Keep pets stress free

STRESS in pets is not just limited to specific times of the year, such as autumn and the fireworks season. Both dogs and cats can experience stress and anxiety all year round in a number of different situations.

Stress caused by environmental changes is common place for pets and this can happen due to a number of reasons, including kennel or cattery stays, travel in the car or moving home. Vet visits can be another stressful experience for pets and for some animals this can be a monthly or even weekly event. As a pet owner it’s important to recognise the signs that your pet is anxious, which can include:

  • Increased vocalisation
  • Isolation
  • Increased sleeping
  • Decrease in appetite
  • Aggression
  • Panting (in dogs)
  • Nose/lip licking
  • Yawning
  • Tail lowered or tucked
  • Ears pulled or pinned back
  • Scratching and chewing on furniture

In some pets, stress can also lead to other health concerns, such as cystitis in cats.

No pet owner likes to see their beloved companion distressed, but there are some positive things that can help to calm an anxious dog or cat:

Create a safe zone
Make sure your pet has a den or a spot they can retreat to if they start to feel anxious. For your cat, make sure that there are plenty of places available to sleep or hide in peace.

High areas for cats
Provide high accessible areas for your cat, such as shelves or on top of furniture. This allows them to feel safe, whilst still being able to watch and feel included in the family.

Exercise your dog regularly
Stress and anxiety can sometimes create uncontrollable energy. Taking your pet for regular walks or encouraging your cat to play and go outside can help to relieve some of that energy.

Stick to a routine
Fixed routines can help to keep your pet calm. Any changes to your normal household routine can upset and stress your pet. Stick to the same feeding and walking routine and stay calm yourself. Pets can pick up when you’re anxious and that could in turn cause them stress.

Try to keep your cat or dog occupied. Use toys to play with your pet and keep them focused on something else. Play will also help to use up energy and they may sleep through the stressful situation.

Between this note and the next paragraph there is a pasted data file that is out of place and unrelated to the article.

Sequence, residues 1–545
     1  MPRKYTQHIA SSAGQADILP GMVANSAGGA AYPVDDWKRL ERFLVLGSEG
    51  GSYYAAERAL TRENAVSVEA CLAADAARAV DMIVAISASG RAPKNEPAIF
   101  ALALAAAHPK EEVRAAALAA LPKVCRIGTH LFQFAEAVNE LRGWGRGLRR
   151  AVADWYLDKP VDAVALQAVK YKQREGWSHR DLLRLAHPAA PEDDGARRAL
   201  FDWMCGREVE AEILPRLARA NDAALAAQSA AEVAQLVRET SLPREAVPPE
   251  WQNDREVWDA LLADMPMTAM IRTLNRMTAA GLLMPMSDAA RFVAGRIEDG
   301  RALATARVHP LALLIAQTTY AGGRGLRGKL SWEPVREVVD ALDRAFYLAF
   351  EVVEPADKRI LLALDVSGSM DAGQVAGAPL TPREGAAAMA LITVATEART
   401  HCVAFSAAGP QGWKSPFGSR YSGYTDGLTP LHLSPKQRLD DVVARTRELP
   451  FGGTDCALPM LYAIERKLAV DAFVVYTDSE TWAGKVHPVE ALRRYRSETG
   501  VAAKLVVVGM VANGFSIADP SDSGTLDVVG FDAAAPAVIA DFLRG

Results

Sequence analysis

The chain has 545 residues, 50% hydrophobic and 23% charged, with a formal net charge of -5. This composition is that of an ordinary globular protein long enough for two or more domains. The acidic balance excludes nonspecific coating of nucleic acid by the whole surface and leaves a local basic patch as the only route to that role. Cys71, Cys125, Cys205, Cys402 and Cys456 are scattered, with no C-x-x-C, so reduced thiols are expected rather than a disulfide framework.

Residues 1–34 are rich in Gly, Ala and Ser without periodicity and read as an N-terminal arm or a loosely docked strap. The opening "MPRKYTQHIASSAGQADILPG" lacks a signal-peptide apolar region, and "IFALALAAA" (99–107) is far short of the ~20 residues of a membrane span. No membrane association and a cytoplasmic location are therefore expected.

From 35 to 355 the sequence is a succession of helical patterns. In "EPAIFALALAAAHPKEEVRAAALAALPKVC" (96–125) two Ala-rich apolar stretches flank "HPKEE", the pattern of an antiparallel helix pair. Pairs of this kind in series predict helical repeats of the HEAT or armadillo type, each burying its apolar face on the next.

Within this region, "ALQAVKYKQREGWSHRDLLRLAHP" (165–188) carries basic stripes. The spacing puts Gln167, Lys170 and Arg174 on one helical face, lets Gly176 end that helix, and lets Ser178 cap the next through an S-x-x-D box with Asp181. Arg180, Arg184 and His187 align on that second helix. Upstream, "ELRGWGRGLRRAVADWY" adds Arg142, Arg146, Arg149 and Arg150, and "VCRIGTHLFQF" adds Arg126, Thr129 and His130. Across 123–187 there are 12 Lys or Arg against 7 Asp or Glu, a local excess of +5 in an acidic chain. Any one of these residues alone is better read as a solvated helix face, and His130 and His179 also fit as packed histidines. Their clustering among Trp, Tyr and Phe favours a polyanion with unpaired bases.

Scratch posts
Make sure that your cat has access to a scratch post to relieve boredom and anxiety. Stressful situations might make them scratch your furniture if they don’t have a suitable place to do it.

Multi-pet households
If you have more than one cat, make sure that you have at least one litter box per cat. Ensure that your cat also has somewhere to retreat to and get away from other pets.

Don’t shout at your pet
If they do anything out of the ordinary due to stress, such as toilet in the house, refrain from shouting at them. Reward their positive behaviour with treats and ignore any unwanted behaviour. This can be a reaction to how they feel in a situation and shouting at them could lead to further stress and behavioural problems.

Comfort your pet
Sit close to your pet and stroke them to try and keep them calm. Physical contact could help to make them feel safe and reduce their anxiety. If they prefer to be by themselves, let them wander off to find a safe place to hide. Keep checking on them to make sure they are OK.

Plan ahead
If you know a specific event, such as a long car journey or a trip to the kennels or cattery will cause stress, try to prepare ahead. For stressful events consider using a calming aid for cats and dogs, such as nutracalm, which can be given 2 hours before the event. nutracalm is specifically formulated to naturally calm anxious pets.

If you are worried about changes in your pet’s behaviour, speak to your vet who will be able to advise the best solution for your pet’s health needs.